I recently began wearing baggy shirts to yoga class—the kind that fall down around your arms when you are in a down dog.
Every inversion has become a showtime for my belly, and while this seems like an insignificant wardrobe choice, it is a personal victory in an exhausting battle with my body.
My body and I have not always been on good terms. I have alienated and ignored it, neglected its true wants and needs, and most of all, routinely denied its beauty. As far back as I can remember, my body was just a thing to be managed. I remember feeling uncomfortable in my neon bike shorts at age six because I thought my thighs were too big—already acting out narratives of shame before I was 10 years old. As I got older, the insecurities grew with me. I would stretch one meal to last all day in high school and work off every calorie I ate in college.
I know my story is not unique. This epidemic of shame is a devastating state of affairs that doesn’t need repeating, as many women have lived it first hand. I also enter this battle from a space of privilege; as a white, able-bodied, average sized woman I fall relatively near to the the widely accepted standards of beauty. And still, my fight was so all-encompassing.
Yoga has the potential to be a space of radical acceptance—but it isn’t always.
Yoga culture is not safe from our wounded perspectives of beauty, or from the objectification and commodification of the female body. When I started my journey with yoga, it actually fed my insecurities. I would compare myself relentlessly to other bodies in the room during class, or to the flexible, skinny white women all over Instagram and Pinterest, shown as the only bodies doing yoga.
As teachers, practitioners, and general human beings, we bring our whole selves to our mat, including our woundedness.
Yoga is a great healer, but in order to heal we must show up honestly and authentically. Often yoga is seen as a place to “let go” to “destress”—in other words, to forget about those pieces of you that are too hard to hold. To me, that is one of the largest misconceptions. Yoga is a discipline, meant to introduce you to your shadows. A dedicated yoga practice means getting to know the parts of you that need the most (and get the least) compassionate attention.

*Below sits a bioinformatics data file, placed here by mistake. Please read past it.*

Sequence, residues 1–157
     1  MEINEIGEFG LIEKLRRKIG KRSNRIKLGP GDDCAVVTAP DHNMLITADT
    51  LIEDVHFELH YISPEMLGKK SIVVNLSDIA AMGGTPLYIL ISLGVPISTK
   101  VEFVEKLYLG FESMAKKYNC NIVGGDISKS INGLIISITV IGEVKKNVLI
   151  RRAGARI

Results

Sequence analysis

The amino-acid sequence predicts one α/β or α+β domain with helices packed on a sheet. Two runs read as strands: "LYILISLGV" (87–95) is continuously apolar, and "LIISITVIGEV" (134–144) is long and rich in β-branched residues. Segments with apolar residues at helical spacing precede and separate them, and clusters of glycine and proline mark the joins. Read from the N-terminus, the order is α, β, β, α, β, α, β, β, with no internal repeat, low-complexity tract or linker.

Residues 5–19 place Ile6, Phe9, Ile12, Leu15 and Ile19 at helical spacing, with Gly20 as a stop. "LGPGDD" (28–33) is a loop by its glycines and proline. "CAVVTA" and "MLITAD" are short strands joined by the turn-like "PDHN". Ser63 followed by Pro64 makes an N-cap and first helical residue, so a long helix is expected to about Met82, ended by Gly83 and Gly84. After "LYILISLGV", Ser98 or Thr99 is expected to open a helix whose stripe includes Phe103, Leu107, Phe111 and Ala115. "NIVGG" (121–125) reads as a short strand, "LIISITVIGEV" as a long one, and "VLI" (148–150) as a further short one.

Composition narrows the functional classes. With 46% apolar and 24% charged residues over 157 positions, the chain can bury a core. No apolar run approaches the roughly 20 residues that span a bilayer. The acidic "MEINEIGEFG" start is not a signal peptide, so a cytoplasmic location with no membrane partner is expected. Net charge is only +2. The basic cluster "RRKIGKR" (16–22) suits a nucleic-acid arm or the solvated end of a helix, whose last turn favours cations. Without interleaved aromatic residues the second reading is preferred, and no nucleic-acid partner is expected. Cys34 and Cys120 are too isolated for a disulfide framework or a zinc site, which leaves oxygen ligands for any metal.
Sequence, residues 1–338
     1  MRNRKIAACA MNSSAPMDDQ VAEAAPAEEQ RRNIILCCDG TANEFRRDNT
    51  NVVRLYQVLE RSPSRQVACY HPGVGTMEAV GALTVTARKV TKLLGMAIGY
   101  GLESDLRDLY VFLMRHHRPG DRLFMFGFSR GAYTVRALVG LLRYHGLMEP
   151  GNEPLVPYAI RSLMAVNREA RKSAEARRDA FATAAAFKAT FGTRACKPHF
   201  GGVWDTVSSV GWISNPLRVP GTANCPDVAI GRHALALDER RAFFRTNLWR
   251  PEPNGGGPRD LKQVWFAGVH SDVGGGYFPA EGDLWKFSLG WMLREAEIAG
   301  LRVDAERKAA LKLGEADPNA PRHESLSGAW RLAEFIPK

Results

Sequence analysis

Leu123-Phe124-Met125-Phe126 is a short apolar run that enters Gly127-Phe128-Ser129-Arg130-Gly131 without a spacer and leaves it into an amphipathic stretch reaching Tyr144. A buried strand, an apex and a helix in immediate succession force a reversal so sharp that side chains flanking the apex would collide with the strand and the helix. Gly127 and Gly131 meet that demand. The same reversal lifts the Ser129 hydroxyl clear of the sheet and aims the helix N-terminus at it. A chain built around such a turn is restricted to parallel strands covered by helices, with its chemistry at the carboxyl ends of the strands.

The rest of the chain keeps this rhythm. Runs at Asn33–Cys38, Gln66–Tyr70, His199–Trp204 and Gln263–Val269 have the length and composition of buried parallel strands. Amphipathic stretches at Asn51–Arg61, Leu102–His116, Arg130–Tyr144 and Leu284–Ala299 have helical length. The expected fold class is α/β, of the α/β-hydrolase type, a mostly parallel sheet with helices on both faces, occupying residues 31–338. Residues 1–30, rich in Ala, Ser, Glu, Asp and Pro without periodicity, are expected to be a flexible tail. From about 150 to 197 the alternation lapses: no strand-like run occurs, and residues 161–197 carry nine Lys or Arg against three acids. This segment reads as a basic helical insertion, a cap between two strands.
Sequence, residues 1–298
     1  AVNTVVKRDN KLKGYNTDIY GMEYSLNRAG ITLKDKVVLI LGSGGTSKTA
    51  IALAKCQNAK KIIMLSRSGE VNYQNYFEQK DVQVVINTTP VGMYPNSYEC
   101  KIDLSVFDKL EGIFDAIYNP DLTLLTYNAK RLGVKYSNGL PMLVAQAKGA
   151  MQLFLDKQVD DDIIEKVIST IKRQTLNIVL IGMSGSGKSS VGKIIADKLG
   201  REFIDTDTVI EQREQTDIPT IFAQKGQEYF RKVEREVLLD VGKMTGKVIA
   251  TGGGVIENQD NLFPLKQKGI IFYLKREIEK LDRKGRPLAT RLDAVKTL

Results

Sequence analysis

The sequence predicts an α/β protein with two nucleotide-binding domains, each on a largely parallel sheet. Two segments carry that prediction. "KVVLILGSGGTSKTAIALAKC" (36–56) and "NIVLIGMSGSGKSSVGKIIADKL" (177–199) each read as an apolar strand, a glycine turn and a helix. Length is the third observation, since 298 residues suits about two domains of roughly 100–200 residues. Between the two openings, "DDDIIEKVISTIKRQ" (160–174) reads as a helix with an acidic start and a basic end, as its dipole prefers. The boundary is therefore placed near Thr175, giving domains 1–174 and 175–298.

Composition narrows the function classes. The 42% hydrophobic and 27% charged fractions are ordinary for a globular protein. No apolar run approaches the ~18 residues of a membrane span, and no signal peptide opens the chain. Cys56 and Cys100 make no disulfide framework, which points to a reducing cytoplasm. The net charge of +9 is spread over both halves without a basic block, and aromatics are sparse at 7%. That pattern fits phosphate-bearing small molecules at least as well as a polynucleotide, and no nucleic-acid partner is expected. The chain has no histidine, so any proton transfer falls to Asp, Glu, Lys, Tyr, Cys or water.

For years I went to my mat and tried to reason away the discomforts of being in my body, or that my safe space of yoga also triggered my pains. I bullied myself away from acknowledging the hurts I was managing, and mostly denied how sad it was that I spent over 20 years ignoring perhaps the most beautiful gift I will be given in this lifetime. It wasn’t until I honestly faced the distance between myself and my body, that I was able to bridge that gap.
I finally came home to my body in my 25th year—after years of introducing myself over, and over, and over on my mat. Through yoga I realized that I grew up treating my body like I treated myself—like a problem to be solved. That’s why my choice to show my belly in class has become my tiny resistance. Being comfortable enough to say “I am here, and I am good enough” is a big f*cking deal.
From the slow, emotional, and liberating journey of getting to know my body, here are some guiding suggestions I have to offer you in yours:
Don’t Bully Yourself into Acceptance
Chances are, you’ve been living your life trying to bully yourself into betterment. Hint: if it hasn’t worked for you yet, it might be time to shift your perspective. Be gentle. Parent your hurts like the tender little children they are. Be easy, patient, but most of all, just be openly present with what comes up.
When Your Body Speaks, Listen
The true key to body wisdom is simply to listen. What kinds of foods make your body feel light and powerful? What types of activities/stretches/poses feel expansive and beautiful? Which ones shorten and tighten your breath? How much sleep does your body really need to feel energized all day? Just remember—force nothing. If it is tired, rest. If it is sick, care for it. I learned this truly only after injuring myself twice in eight months from pushing. Trust what your body knows.
Steep Yourself in Positive Words
My mirrors are covered with post-its filled with loving reminders: “Everything you are is beautiful,” “You are whole,” “I am safe in taking up space.” Try writing a letter to your body, as if she’s a good friend of yours (hint: she is). Save the letter to revisit when you are feeling low. Place it on your altar as a reminder of your conviction to accept yourself.
Stop Affirming The Culture of Unworthiness
When I see a friend, I don’t comment on her body. I realized my comments were always rooted in comparison to my own body, and that I was feeding into unhealthy ideals that skinny equals better and physical appearance is most important. Affirm your friends instead on the energy they are showing up with, the radiant light in their eyes, their fiery creativity, or their strength to face challenges in their lives. When others comment on your body, just say thank you and move on, or (if you are bold, and safe to do so) start a conversation about why you are choosing not to do the same.
Remember, this is Bigger than your Body
Perhaps the most important thing to remember is that the way you hold and treat your body is the most telling indicator of your opinion of yourself. In Women Food and God (a book that changed my life), Geneen Roth says that our relationship to our bodies is an inherently spiritual one. Feelings of unworthiness, pressures to perform and to be valuable and deep beliefs of brokenness all play out in our bodies. This is just a piece of long, rich journey of seeking self-love, and your body is just one place to work. Be easy as you realize this, and remember above all else that you are not alone.
Author: Andrea Stopa
Editor: Catherine Monkman
Image: With permission from Cecille Photography